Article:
Cary

Cary’s Heritage: Rogers Restaurant

Cary, NC – Rogers Restaurant was once at the location on East Chatham Street where EE Salons is now. In his oral history interview with us in August of 2000, Billy Rogers told us some history about the restaurant.

Billy Rogers

In 1954, Daddy opened a restaurant where Johnson’s Jewelers is now. Then in 1961, he bought this building and moved the restaurant. He gutted the inside and rebuilt it with a meeting room in back to accommodate sixty people.

Barbara and I bought the building from him in 1966, and took over running the restaurant and motel. There were only two restaurants in Cary then: ours and Johnson’s BBQ, and before there were any country clubs or other meeting places. Ours was thought of as a nice place to have a wedding reception or a rehearsal dinner. It became a center for politicians to gather. The first time Jim Hunt ran for governor, we catered a weenie roast at the fairgrounds for him and served 1,500 people. We also catered a BBQ party for him at Montague Lake. All the people running for the legislature had morning gatherings with biscuits and speeches to raise money.

Our local politicians also met here. Every time Bob Godbold ran for town council re-election, he had gatherings here. It was thought of as a place for people to meet and discuss business over coffee and biscuits. When the town started growing, developers like Buck Jordan, Jeff Sugg and Clint Williams were regulars every morning for breakfast to discuss their projects. From Russell Hills, and then Kildare Farm Road and MacGregor Downs developments, they continued to come for coffee and biscuits. Then when a steak house opened on Kildaire Farm Road, those working on that side of town found it was easier to stop there. But they didn’t have the family type food we did. In 1966, sausage and ham biscuits were $0.15. Hamburgers were $.90 and cheeseburgers were $1.00 and came with creamy coleslaw and pickle chips. We had blue plate specials with prime rib, or very fresh seafood right off the coast. Our specialty was BBQ.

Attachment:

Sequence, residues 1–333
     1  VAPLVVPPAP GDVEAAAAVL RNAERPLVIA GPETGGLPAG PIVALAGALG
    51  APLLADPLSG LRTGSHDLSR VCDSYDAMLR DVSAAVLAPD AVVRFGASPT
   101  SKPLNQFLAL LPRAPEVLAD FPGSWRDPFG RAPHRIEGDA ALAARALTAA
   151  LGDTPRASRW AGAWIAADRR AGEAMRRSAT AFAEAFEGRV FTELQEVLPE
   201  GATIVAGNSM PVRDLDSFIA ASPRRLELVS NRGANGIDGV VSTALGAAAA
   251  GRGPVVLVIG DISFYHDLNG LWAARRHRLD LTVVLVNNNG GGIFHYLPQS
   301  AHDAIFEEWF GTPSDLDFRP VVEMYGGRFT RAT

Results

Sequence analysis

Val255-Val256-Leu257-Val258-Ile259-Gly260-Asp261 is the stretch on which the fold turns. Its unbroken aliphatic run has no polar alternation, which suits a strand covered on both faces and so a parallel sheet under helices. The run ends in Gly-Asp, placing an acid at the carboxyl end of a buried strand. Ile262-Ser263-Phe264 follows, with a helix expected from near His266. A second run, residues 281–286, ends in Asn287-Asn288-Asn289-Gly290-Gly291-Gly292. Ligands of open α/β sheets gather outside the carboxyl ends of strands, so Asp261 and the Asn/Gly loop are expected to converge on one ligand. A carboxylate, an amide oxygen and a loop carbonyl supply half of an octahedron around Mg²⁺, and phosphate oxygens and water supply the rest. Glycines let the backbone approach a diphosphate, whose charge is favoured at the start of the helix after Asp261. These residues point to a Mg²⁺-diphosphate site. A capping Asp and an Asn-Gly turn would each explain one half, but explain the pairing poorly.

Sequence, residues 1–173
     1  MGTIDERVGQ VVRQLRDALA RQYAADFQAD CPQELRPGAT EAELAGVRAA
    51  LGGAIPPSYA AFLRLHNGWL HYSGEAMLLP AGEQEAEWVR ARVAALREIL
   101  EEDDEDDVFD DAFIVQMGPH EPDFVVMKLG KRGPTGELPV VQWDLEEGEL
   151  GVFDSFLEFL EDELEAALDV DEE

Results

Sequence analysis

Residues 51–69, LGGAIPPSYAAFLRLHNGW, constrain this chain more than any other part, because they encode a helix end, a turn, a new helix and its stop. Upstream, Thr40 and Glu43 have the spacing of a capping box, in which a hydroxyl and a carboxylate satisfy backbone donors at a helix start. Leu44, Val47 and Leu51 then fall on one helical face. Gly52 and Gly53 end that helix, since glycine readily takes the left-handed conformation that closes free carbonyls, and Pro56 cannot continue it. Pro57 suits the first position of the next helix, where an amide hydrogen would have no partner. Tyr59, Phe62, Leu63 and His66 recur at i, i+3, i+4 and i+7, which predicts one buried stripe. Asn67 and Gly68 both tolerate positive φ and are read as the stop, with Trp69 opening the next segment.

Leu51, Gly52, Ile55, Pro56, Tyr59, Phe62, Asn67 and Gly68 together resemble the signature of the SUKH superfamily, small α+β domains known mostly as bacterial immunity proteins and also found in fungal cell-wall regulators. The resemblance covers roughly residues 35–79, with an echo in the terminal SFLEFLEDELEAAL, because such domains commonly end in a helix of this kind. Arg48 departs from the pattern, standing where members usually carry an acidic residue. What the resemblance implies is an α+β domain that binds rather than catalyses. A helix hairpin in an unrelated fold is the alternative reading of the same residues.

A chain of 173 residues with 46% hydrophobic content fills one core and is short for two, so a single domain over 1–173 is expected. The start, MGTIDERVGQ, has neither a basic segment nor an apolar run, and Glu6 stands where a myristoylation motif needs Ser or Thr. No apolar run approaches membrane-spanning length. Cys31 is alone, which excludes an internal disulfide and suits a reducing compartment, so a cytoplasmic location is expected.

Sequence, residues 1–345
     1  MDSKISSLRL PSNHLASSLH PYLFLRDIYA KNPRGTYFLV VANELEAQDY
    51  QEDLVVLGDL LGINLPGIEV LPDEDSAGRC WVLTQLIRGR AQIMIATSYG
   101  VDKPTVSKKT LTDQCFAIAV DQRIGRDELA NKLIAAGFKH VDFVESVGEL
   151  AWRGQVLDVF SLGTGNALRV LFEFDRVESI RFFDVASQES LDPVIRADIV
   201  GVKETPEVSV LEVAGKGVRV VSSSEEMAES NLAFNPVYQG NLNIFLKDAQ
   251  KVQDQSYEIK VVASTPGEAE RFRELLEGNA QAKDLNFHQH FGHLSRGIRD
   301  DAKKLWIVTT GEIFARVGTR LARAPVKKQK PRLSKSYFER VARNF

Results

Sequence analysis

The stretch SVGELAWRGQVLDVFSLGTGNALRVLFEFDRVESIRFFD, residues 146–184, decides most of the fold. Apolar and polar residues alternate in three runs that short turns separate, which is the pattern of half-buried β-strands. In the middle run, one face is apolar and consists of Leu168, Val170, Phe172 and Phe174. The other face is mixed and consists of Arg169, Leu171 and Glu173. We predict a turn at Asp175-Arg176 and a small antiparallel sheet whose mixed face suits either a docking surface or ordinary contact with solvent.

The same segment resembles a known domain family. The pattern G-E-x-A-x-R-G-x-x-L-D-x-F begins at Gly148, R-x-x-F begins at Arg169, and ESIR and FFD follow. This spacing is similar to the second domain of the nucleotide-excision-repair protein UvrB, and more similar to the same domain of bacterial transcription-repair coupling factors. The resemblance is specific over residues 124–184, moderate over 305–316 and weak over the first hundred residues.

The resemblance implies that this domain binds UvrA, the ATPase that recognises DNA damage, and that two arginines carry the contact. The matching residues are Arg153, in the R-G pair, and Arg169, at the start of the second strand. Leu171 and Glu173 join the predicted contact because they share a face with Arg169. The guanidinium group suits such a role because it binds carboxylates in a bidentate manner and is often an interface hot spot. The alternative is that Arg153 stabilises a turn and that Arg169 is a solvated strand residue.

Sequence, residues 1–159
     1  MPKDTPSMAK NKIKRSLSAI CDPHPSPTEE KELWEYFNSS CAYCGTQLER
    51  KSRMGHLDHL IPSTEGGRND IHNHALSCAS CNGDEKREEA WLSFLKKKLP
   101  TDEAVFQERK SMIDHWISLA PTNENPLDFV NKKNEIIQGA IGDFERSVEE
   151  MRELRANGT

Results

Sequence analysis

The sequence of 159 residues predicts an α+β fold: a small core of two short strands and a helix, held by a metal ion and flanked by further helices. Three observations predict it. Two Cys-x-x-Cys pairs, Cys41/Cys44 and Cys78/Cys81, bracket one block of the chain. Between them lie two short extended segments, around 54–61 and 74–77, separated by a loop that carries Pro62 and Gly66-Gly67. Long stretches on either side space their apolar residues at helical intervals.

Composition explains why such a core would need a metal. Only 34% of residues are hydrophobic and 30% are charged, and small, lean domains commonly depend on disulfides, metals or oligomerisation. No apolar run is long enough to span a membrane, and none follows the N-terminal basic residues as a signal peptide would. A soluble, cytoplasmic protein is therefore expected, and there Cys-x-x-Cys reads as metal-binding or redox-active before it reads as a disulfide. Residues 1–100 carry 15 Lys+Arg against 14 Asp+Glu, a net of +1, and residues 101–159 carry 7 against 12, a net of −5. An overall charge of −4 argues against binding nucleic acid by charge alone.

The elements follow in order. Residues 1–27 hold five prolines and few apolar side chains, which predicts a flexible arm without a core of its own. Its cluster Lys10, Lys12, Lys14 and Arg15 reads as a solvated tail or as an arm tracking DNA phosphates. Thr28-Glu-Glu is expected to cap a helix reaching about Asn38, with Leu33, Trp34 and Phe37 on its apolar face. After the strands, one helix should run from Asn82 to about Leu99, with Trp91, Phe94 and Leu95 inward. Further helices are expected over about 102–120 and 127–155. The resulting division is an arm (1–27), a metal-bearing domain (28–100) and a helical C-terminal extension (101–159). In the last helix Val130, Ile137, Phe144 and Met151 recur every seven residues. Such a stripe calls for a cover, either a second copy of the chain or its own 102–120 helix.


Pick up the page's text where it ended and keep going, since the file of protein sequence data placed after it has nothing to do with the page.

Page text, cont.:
We closed in 1991 after I had a heart attack. People knew it was our last day so they all came. We did three times the business that day than a normal day. People were waiting for tables all day long. After we closed, we stayed in the catering business for a short time, and kept the meeting room open for groups. We continued to serve the Rotary Club breakfasts on Monday mornings as we had done since the club was formed.

We also catered Exchange Clubs, JCs, the Shrine Club and other civic groups, along with family gatherings. We kept that going because we didn’t want to let our customers down. They couldn’t go to Preston and get the type of catering and service that we gave them. The Godbolds brought their family every Friday night. It was like serving guests in our home. Barbara continued to make homemade pies for as long as we had a big oven. People wouldn’t let her quit. The year she made 96 pies for Thanksgiving, she said, “That’s it.” We enjoyed the personal part of it, doing things for people. They were our family, our friends. We always told people we slept on Ralph Drive and lived here.

Cary

 


Story by Peggy Van Scoyoc. Photos by Hal Goodtree. Much of Cary’s Heritage is taken from the book, Just a Horse-Stopping Place, an Oral History of Cary, North Carolina, published in August, 2006. The book is a collection of oral history interviews conducted between local citizens and Friends of the Page-Walker Hotel. The rest comes from later oral history interviews with local citizens.

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